Dr Stephen Smyth of Smyth Research also dealt with the issue of surround sound. His presentation concerned the monitoring of a real reference surround-sound loudspeaker system over headphones. The concept is based on measuring the acoustic transfer function from each of the real loudspeakers in a room to the listener's two ears. These transfer functions are converted to audio filters (binaural room impulse responses) which can then be used to filter the audio signals, in real-time, in an audio processor.
The resulting filtered audio signals, when presented over headphones, recreates for the listener the experience of listening to the audio signals through the original real loudspeakers in the original room. The virtual loudspeakers, heard over headphones, emulate the real loudspeakers heard normally. One problem is that the shape and location of each person's ears are unique and therefore, to achieve an accurate emulation, it is necessary to measure the unique transfer function of each individual listener in the reference surround-speaker environment. To this end miniature microphones are placed in the ear canals of the subject and binaural recordings are made of swept-sine signals from each of the loudspeakers. From these recordings, made at three different head orientations, the binaural room impulse responses for an individual listener are determined. Together with head-tracking, the personalised transfer function now enables accurate directional reproduction of surround loudspeakers over headphones.
So much for the theory – the real test is always in the listening. So, during both seminar sessions participants were given the opportunity to have their individual transfer functions measured in the local surround-monitoring room and then to listen on headphones via the Smyth Realiser emulation. Listeners had the ability to do a direct A/B comparison between the audio presented over the virtual and real loudspeakers. In this context, the professional version of Realiser, equipped with professional audio interfaces, was displayed for the first time. The official product introduction is scheduled for Q1 of 2012.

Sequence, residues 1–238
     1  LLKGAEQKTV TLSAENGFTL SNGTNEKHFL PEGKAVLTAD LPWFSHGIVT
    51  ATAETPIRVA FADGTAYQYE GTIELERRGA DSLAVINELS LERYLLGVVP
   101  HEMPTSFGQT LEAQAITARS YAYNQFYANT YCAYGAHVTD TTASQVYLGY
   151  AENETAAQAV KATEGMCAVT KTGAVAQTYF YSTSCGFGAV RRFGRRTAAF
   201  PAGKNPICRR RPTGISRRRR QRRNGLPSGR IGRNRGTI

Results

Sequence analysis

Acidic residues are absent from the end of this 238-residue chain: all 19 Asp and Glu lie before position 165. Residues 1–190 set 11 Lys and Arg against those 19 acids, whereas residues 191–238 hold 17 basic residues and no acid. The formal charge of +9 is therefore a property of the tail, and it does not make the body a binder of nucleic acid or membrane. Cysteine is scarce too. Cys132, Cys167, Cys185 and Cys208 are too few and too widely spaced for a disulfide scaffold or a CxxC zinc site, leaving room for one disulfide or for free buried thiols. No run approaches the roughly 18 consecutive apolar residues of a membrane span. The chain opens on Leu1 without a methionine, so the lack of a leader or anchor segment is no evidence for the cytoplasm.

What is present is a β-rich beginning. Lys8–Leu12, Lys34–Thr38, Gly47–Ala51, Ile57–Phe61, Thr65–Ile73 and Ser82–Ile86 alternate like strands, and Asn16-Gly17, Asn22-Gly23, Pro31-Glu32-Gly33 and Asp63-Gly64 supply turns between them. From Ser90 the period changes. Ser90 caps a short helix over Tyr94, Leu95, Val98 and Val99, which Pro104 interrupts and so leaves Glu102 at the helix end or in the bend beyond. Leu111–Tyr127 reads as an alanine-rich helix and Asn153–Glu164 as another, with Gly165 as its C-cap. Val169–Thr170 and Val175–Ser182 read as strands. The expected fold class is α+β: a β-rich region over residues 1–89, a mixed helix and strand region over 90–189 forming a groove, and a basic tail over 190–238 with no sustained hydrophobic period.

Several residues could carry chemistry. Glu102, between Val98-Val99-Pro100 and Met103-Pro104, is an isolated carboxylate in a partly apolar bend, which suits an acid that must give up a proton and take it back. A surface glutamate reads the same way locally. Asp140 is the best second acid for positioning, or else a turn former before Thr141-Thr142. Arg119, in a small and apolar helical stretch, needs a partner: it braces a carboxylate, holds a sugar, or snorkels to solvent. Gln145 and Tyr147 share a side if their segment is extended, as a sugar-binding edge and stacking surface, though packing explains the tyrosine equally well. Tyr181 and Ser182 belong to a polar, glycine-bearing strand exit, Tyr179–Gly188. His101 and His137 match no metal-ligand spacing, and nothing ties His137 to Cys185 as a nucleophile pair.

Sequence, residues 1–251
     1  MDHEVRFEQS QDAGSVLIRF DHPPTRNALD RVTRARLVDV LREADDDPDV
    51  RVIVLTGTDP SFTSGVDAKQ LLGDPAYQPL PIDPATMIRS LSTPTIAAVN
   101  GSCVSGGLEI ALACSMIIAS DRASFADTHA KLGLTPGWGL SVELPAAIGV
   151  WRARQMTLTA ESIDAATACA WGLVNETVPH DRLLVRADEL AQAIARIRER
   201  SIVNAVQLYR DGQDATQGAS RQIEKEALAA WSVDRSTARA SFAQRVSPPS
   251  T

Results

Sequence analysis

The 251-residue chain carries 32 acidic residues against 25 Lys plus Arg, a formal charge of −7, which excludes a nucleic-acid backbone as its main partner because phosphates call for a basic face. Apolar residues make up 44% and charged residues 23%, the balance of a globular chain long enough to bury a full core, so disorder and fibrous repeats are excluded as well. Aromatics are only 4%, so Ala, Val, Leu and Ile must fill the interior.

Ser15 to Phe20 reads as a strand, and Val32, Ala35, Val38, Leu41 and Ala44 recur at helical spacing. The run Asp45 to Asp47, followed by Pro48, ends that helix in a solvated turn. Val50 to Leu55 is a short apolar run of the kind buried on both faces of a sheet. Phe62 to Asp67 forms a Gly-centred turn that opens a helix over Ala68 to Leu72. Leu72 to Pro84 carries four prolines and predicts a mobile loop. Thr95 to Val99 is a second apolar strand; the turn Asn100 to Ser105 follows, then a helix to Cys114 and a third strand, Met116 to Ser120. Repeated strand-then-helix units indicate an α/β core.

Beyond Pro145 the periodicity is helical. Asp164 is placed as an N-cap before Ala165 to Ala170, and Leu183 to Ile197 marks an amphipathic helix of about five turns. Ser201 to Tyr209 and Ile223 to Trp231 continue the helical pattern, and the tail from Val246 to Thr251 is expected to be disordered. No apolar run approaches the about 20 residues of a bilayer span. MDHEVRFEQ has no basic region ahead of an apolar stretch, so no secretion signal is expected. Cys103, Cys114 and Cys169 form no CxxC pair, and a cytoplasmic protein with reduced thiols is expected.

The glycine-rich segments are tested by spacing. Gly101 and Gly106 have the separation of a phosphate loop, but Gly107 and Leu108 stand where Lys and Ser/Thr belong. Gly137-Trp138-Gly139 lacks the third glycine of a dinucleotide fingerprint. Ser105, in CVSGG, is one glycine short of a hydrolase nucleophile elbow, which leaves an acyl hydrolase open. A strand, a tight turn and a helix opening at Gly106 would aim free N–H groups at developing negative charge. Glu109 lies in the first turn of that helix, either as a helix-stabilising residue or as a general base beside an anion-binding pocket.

No major production, especially in TV broadcasting, happens without the use of intercom facilities. Driven by the move to digital technology and networking, recent trends have moved away from small islands towards campus-wide networked intercom systems. Jürgen Malleck from DELEC’s national and international sales department introduced the largest current digital intercom system design project for an entire broadcast complex in Great Britain. He described the basics of digital intercom and explained various failsafe and security strategies. Following his paper presentation and during seminar breaks Malleck explained how to create a modern complex network made up of routers and subscriber units using a DELEC demonstration system as an example.
Another main topic of the broadcast seminar was loudness metering. Who could be better qualified to present it than Florian Camerer, audio engineer at the ORF in Vienna and one of the pioneers in this area? As chairman of the EBU’s P/LOUD group, Camerer was instrumental in the development of the EBU Loudness R128 standard. After introducing the reasons which led to the development of loudness measurement and gain adjustment he introduced the three main parameters; programme loudness, loudness range and maximum true peak level and explained their application. Using examples, Camerer described possible working techniques and strategies for introducing loudness metering in the broadcast field. An interesting aspect was that the loudness-range parameter might provide guidance as to whether programme dynamics should be compressed or not. A crucial point of using loudness metering is source-signal normalisation. Although in principle it would be possible to achieve loudness compensation in the consumer environment based on supplied loudness metadata, normalisation is preferable. Following this approach impacts on the creative aspects of the mixing process and results in better quality end results. Europe is already in the middle of the transition to loudness normalisation. It is looking promising that a decades old problem can finally be solved satisfactorily.